MONTROSE: Complaints are heard against the young school children, romping and loafing in the postoffice, after every session of school. It is very annoying to persons who have business, and it is requested that the nuisance be stopped. AND: Miss Blackman’s histories of Susquehanna county at the Library. Learn of our county. A good Christmas present. [Reprints of Miss Blackman’s histories are still available, at the Historical Society and Library.]

BRIDGEWATER TWP.: Jones‚ Lake and Post’s Pond have been thronged with skaters the past week and the ice is of a glassy smoothness seldom surpassed, so the merry skaters are getting all kinds of enjoyment. The ice is about half a foot thick, and if the cold weather continues, will freeze the smile on the face of the ice man.

FOREST CITY: In Susquehanna county’s coal mines, near Forest City the past year, have been employed 1,307 miners, according to the annual report of James Roderick, state superintendent of mining. Luzerne has the largest number, 60,734; Lackawanna next with 40,850 and Wayne county, 360.

ARARAT: Sunday morning, Ruth Ferry, the 4 year-old daughter of Mr. And Mrs. Barney Ferry, was fatally burned while playing with fire in her home. Her parents had gone out to feed the poultry, leaving the child and a younger sister in the kitchen. The children evidently lighted slivers of kindling wood in the fire to watch them burn and accidentally the eldest child’s dress caught fire, enveloping her in flames. Dr. McNamara, of Thomson, attended the little sufferer, but death released her from the agonizing pain. A cousin of the child, Hattie Keenan, was burned to death in the same house while playing with a Jack-o-lantern about a year ago.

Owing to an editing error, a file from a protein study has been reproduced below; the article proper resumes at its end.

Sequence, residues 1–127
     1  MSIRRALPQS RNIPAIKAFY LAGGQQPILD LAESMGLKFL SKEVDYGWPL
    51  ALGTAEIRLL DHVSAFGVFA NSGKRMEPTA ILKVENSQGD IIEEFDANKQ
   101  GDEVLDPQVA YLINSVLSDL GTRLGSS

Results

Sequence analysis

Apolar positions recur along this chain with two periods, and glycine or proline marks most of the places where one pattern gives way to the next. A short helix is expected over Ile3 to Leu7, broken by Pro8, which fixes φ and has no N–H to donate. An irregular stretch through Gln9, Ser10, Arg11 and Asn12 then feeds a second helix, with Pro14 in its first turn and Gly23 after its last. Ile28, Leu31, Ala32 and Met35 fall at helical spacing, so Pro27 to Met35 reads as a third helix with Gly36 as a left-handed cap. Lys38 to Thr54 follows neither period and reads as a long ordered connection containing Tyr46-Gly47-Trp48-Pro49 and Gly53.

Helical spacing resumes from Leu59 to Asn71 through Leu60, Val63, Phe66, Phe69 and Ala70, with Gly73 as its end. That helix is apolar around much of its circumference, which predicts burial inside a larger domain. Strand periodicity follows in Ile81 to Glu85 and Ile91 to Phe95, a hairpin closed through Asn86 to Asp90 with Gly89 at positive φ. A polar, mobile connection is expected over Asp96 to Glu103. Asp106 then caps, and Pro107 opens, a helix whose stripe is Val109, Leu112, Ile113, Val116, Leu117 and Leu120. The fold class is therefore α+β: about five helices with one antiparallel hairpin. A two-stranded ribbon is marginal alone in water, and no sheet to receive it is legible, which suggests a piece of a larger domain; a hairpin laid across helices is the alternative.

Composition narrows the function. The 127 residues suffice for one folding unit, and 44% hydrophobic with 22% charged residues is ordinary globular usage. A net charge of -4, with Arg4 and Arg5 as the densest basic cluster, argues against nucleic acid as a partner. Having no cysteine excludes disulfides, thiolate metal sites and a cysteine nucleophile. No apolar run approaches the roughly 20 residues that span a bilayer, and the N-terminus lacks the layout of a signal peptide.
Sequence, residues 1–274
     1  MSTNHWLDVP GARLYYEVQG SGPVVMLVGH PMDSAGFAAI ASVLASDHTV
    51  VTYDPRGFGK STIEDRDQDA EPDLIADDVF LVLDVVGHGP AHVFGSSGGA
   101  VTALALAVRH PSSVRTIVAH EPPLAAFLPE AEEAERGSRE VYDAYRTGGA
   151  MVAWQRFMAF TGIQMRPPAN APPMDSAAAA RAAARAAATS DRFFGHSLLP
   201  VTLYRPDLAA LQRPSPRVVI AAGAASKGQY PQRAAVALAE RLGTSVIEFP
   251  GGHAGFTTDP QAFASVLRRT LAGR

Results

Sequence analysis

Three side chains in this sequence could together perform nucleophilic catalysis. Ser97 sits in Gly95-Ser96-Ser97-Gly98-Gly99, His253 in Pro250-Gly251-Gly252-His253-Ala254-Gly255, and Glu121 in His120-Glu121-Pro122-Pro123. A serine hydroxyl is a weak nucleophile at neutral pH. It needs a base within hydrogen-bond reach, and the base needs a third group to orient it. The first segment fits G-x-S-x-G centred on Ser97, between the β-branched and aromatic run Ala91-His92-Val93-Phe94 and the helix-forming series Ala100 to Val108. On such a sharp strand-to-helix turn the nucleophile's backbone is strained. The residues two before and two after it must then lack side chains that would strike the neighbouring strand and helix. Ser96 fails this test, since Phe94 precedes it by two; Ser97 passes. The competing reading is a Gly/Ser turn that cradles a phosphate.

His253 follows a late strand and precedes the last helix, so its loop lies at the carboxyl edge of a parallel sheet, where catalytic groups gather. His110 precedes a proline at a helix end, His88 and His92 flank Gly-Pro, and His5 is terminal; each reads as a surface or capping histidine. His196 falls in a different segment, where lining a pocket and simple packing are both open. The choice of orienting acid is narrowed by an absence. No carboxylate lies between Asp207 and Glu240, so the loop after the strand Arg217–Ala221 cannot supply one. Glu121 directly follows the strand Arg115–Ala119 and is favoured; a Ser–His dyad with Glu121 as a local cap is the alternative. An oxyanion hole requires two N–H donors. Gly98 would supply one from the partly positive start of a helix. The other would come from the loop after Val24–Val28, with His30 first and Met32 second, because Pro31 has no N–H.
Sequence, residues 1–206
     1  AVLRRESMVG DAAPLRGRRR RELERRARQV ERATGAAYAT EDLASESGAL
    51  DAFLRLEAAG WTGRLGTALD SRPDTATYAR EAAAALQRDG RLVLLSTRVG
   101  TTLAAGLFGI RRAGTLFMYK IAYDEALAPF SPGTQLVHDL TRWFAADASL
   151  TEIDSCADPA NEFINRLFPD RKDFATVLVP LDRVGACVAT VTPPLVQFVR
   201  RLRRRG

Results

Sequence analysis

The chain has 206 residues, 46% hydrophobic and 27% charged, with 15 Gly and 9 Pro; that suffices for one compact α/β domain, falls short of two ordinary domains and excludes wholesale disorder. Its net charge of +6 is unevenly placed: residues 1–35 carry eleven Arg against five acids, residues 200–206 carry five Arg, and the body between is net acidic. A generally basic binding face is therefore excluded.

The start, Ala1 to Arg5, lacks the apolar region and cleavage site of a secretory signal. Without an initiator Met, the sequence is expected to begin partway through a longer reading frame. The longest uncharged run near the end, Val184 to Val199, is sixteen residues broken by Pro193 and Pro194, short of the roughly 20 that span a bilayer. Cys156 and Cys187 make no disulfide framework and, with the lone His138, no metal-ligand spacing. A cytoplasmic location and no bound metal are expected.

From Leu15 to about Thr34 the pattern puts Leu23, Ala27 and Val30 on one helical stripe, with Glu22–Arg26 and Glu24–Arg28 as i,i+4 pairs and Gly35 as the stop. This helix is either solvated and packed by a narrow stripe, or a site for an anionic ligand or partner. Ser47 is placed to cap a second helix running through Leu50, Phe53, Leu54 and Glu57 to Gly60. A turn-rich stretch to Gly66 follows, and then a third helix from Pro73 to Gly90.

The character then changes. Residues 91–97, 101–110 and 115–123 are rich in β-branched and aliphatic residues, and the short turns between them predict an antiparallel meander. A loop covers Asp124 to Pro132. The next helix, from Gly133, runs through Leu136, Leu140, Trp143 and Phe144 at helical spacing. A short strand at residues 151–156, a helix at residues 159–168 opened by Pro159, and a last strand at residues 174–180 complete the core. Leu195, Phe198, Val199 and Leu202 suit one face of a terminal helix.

NEWS BRIEF: Notice to Rural Patrons: On account of cold weather, will all patrons of rural routes buy stamps of the carrier and stamp all mail before putting in box, as carrier has to take off gloves to pick out pennies, and it is a great hardship.--Geo. C. Burns, P.M. AND: Eleven football players killed and 104 injured during the season just closed. Just think what might have been the awful results if it hadn’t been for the cutting out of the mass plays.

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Along the Way...With P. Jay


More Blue Ridge Blues

I’m not sure who the solicitor is for the Blue Ridge School District Board of Education, but either the school directors are not running some of their actions regarding the tax collectors by him or he is giving them enough rope so they will ultimately hang themselves. The opinion here is that a lot of what the school board has said and done about the tax collectors, the tax collections, and the Susquehanna County Tax Claim Bureau is not only questionable, but some of it could be illegal.

For example, at its December 4 meeting, the board put through a motion that included language alleging that the tax claim bureau imposes interest and fees on delinquent taxes. Actually there is a state statute that compels the tax claim bureau to collect the interest and fees. And by law, the bureau retains the fees for the time and effort it puts in collecting delinquent taxes.

The board also put out a 30-day notice to delinquents that begins by blaming the June flood for the delay in mailing out the 2006 school taxes. I wish someone in Blue Ridge would extend that paragraph and explain to me how the flood affected the tax bills. Yes, the school, its administrators, teachers and students all played an important role in helping flood victims. The wish here is that one of our state legislators will recognize the efforts put forth by the school district and present it with an appropriate commendation.